The Last Post Ceremonies

Memorial window at RMC from the Class of 1934 portraying an OCdt bugler
Memorial window at the Royal Military College of Canada portraying an Officer Cadet bugler.

Last Post by Robert Graves

 The bugler sent a call of high romance— 

Lights out! Lights out!” to the deserted square. 

On the thin brazen notes he threw a prayer: 

God, if it’s this for me next time in France, 

O spare the phantom bugle as I lie 

Dead in the gas and smoke and roar of guns, 

Dead in a row with other broken ones,

Lying so stiff and still under the sky— 

Jolly young Fusiliers, too good to die…” 

The music ceased, and the red sunset flare 

Was blood about his head as he stood there.

A few years ago, when I was still working with an army cadet corps, we took them on a trip to Fort Henry in Kingston. We had a few young men as our guides, and they dressed in the historical kit of the early 19th century garrison. One of them played the bugle, and a cadet, not really knowing what he was asking, asked if the guide could play Last Post for us. This child didn’t know that it wasn’t just another military song, like, the measures of the Maple Leaf Forever or Scotland the Brave that we could just pull out anytime. It’s not a frivolous tune to play, and the ceremony wrapped around that song is sacred.

You’d expect to hear it at Remembrance Day, Armistice Day, Pearl Harbour Day, and D-Day ceremonies. And then, there’s the Menin Gate. At Menin Gate in Ypres, Belgium, there is a daily Last Post ceremony. They host a sundown ceremony daily – EVERY DAY – to remember Canadian soldiers who defended the Ypres Salient during the first world war. The Menin Gate is engraved with the names of soldiers who could not be found to be buried in one of the dozens of commonwealth cemeteries in the area around Ypres in Belgium and France.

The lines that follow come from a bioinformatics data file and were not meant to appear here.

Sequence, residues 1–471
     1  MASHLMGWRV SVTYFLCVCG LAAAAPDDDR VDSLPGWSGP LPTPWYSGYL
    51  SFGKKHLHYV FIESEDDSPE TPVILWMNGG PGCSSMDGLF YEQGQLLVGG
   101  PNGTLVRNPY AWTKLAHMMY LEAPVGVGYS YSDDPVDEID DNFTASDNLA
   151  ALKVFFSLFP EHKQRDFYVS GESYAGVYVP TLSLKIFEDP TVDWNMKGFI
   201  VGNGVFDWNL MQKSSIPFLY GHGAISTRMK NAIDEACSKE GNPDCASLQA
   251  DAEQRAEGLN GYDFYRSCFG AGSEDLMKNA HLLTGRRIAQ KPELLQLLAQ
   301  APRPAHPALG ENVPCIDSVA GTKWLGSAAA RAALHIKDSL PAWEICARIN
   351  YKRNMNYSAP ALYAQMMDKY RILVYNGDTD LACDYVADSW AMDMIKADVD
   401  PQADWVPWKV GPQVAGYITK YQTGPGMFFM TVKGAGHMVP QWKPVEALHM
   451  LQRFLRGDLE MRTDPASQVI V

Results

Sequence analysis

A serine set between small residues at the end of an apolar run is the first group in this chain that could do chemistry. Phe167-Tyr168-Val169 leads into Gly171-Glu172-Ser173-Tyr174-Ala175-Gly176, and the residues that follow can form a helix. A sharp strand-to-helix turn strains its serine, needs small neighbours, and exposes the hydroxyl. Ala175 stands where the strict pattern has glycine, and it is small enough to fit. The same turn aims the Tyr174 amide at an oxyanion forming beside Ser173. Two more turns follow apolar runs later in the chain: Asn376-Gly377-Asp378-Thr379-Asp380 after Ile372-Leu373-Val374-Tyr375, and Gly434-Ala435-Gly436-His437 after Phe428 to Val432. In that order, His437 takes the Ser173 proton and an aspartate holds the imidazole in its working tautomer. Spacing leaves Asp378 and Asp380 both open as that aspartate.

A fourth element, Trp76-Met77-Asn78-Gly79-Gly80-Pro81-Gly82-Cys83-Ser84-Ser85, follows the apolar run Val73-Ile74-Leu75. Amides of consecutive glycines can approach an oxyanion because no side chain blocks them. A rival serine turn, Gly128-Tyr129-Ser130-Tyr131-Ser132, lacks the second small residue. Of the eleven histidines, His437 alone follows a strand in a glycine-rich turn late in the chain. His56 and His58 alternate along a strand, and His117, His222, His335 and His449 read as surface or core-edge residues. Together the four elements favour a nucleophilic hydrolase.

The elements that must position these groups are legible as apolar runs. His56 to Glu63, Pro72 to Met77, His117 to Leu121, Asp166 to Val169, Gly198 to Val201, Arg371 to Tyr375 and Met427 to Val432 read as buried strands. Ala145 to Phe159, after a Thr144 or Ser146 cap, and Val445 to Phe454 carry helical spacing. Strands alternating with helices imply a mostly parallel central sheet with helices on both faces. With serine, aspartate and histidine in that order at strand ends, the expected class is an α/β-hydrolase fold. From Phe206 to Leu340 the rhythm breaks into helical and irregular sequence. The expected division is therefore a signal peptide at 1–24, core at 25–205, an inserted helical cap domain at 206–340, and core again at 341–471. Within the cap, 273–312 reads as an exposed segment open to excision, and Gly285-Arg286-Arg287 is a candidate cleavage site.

I was in Ypres for the Last Post ceremony in April a few years ago. Teenagers in our group laid a wreath on behalf of the students and cadets of our region. It was an honour to be able to do this, and very moving to watch. But every day, in the lovely bloom of spring (as when I went), or the chill and blizzard of winter, or the oppressive heat of summer, the residents and guests gather. Every day. Every day there is a remembrance ceremony at the Menin Gate. There is Last Post, and laying of wreaths, and community members from Ypres and area who attend faithfully, as they have every day for 100 years*. That’s over 31,500 times. *During WW2, this area was occupied by German forces, and the Last Post Ceremony was held at Brookwood Cemetery in London. Still counts.

Wreathes laid at the Last Post Ceremony at the Menin Gate in Ypres, viewed through the archway inside the gate
Wreathes laid at the Last Post Ceremony at the Menin Gate in Ypres.

This year, may we be as dedicated to the memory of our fallen as our friends at the Menin Gate have been, and continue to be. May remembrance be more enduring than a fortnight in November.

Extra Credit:

Origins of the Last Post (BBC)

Last Post has become a powerful song of remembrance

Last Post Ceremony, Ypres, Menin Gate


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